Skip Nav
Rain Couldn't Dull This Glittering Urban Wedding
42 Sexy (but Discreet) Tattoos For Women
30 Gifts Your 30-Something Boyfriend Will Want This Year

You Asked: My Family Isn't Nice to Him

You Asked: My Family Isn't Nice to Him

DearSugar --

I need advice on how to handle a situation where my boyfriend and my parents do not get along. My boyfriend and I have been dating for just over 3 years. There is an age difference (he is 46, I am 29) but we have similar goals in life and get along extremely well.

This past Christmas, we went with my mom, dad, and sister to Hawaii for 2 weeks. It did not go well. My boyfriend felt like a complete outsider. No one made any efforts to get to know him and tried to exclude him from activities. Now that we are back he feels that he will never be accepted and doesn't want to marry someone who he will have in-law problems with. I really love him and want to be with him but I don't know what to do next. Can you help?
~ Divided Debra

To see DEARSUGAR's answer

Dear Divided Debra --

If a family actively dislikes one's partner and won't make an effort to be inclusive, it's a painful and distressing situation. It's also very often damaging to the couple, the family dynamic, or both. Assuming this has been a respectful and healthy relationship, three years is a long time for your family to fail to find your boyfriend's virtues and to accept your relationship. I can offer some suggestions for you, but first I think you need to reassure your boyfriend that you'll do your best to speak with your parents and set some expectations for them. Be clear with him that you can't control their behavior, but you can assert yourself and make some rules.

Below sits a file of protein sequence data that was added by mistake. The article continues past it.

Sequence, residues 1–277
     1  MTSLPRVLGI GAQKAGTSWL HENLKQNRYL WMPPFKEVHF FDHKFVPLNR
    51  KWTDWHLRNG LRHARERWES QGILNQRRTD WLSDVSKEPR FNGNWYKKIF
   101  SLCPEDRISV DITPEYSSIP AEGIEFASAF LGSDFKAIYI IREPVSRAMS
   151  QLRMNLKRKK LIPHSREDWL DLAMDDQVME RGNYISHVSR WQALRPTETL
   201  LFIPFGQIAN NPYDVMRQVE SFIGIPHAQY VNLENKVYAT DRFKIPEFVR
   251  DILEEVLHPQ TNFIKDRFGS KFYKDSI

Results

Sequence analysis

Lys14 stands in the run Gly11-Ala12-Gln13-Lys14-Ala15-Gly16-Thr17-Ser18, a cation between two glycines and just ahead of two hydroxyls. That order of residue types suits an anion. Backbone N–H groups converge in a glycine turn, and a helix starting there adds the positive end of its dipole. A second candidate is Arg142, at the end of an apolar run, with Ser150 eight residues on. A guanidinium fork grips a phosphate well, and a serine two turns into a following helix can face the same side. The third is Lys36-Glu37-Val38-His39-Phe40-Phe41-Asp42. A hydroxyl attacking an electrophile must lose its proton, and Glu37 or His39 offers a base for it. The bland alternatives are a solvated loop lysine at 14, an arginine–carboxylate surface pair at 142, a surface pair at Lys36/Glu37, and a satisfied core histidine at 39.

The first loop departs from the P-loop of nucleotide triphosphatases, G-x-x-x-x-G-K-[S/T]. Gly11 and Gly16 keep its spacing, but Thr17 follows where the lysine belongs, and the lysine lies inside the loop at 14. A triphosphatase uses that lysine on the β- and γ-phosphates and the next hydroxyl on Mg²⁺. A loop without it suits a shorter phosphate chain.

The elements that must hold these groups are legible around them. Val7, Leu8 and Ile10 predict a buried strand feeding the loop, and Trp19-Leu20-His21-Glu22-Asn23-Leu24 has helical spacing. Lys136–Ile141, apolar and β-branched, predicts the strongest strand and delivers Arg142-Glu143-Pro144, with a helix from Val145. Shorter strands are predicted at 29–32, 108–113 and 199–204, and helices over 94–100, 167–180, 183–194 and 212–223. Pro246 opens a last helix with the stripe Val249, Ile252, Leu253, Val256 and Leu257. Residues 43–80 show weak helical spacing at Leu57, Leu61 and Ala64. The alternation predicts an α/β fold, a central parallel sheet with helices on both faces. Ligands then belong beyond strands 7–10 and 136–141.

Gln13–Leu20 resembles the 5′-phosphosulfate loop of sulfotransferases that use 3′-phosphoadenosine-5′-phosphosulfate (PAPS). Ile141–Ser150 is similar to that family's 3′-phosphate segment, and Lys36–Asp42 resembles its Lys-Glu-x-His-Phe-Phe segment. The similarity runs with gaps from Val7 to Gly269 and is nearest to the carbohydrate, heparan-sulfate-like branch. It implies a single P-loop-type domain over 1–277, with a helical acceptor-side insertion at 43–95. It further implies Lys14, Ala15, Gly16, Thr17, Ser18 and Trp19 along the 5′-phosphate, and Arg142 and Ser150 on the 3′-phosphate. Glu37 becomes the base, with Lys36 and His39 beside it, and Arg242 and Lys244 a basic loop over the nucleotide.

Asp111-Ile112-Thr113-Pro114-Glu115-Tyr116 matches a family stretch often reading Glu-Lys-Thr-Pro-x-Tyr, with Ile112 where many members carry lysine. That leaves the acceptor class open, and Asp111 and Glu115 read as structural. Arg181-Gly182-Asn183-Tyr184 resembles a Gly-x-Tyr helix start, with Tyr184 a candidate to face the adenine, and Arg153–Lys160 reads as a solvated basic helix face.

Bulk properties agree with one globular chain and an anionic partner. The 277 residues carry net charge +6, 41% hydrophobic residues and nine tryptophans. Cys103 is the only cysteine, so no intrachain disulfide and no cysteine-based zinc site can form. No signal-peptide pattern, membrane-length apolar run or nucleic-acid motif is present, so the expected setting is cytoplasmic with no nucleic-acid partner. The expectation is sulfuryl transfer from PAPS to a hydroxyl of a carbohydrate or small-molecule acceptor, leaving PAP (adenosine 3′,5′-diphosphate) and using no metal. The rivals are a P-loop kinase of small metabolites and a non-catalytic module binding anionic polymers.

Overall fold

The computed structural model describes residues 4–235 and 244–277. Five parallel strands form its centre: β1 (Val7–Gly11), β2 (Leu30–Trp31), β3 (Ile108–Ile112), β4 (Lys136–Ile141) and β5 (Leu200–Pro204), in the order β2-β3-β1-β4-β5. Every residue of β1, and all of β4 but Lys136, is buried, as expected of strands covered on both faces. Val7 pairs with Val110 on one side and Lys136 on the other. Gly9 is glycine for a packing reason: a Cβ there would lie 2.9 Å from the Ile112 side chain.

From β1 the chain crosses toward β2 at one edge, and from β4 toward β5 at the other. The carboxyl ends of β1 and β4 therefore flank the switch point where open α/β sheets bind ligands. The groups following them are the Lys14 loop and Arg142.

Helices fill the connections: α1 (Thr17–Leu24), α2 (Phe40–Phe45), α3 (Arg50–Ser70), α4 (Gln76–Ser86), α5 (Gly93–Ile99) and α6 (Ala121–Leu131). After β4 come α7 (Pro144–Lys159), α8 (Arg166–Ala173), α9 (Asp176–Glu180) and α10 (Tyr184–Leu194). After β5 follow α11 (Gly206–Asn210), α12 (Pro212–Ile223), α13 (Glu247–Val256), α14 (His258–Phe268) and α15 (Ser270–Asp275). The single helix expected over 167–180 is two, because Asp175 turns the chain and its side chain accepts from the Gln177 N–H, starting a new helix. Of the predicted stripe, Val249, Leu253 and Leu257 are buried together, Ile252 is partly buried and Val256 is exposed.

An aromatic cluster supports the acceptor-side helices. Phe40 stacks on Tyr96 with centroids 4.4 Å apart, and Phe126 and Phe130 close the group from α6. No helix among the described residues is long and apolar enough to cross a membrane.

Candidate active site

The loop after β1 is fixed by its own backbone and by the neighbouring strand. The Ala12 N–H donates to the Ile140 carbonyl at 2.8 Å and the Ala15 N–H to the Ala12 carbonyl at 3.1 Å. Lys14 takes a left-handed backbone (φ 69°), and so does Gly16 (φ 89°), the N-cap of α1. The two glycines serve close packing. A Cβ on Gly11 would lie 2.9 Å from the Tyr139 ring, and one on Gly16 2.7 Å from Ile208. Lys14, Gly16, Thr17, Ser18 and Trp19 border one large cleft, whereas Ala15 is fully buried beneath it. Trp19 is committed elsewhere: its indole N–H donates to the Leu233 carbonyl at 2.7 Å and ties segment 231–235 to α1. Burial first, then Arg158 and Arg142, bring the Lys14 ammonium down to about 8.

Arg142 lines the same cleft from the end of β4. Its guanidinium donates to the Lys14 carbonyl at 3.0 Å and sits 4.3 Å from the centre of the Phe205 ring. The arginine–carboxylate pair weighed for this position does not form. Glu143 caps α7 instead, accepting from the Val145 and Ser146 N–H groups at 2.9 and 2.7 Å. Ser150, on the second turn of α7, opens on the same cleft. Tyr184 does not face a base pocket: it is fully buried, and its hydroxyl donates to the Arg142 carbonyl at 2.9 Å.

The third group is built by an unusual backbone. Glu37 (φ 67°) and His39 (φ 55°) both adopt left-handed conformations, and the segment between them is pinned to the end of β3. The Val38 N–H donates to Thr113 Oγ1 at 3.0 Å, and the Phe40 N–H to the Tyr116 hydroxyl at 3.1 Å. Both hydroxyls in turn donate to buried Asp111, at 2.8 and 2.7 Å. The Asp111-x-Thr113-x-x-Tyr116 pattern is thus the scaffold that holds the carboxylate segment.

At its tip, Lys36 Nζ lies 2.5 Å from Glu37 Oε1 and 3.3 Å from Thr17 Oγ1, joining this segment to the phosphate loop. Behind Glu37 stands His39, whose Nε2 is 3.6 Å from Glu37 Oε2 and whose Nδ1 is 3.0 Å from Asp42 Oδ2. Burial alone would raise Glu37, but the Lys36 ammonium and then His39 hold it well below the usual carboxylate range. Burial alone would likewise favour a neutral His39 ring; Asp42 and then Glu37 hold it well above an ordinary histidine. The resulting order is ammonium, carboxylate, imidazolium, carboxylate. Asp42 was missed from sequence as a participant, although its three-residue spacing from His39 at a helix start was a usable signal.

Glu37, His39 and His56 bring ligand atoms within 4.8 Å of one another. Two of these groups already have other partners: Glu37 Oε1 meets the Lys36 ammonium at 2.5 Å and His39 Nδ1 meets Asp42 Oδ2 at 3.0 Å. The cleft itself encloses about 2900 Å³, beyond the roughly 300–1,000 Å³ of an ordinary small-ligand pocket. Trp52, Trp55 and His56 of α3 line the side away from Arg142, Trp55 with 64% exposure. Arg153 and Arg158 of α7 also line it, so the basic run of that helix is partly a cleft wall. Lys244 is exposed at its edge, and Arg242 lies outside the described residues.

Speak with your parents and be clear that you love your boyfriend and are committed to the relationship. Let your parents know how much their love and support mean to you, as well. Ask them what they can do to be more accepting of him, what they need in order to resolve their own issues with the relationship; ask them to begin working toward meeting you half way.

Try to avoid defensiveness and anger during the conversation. Claim your role as a grown woman, but do it from a centered, grounded place. Baby steps toward reconciliation are fine, if they're willing. At that point, both you and your boyfriend will need to exercise a bit more patience with the process.

If your parents remain unwilling to change their behavior, you must make it clear that this will impact the quantity and quality of time you spend with them. Let them know this will sadden you a great deal. At that point, I wouldn't expect your boyfriend to put himself in these situations anymore. Do not ask him to vacation or spend time together with your parents; if you wish to see them, do so alone. Periodically sit down with your folks and ask them to reconsider their position.

Through this period, I think it's important to remind your boyfriend that he's your family, too, and you understand that it hurts him not to be accepted. Assure him your parents' feelings are no reflection on him, nor do their feelings impact your love for him. Remind him, too, that you wish things could be different, but can only do your best to protect him and love him. Your family must choose for themselves what kind of future they want with you both.

Good luck, Debra. Don't get caught in the middle, please. Stand up, say what you need and expect from everyone, and don't be held hostage to the feelings of others -- and that includes your boyfriend.

Ladies? Please help out here; these situations are incredibly sticky and loaded.


Angelina Jolie and Brad Pit File For Divorce | Video
Dating App For Stoners
Male Birth Control | Video
From Our Partners
Latest Love
All the Latest From Ryan Reynolds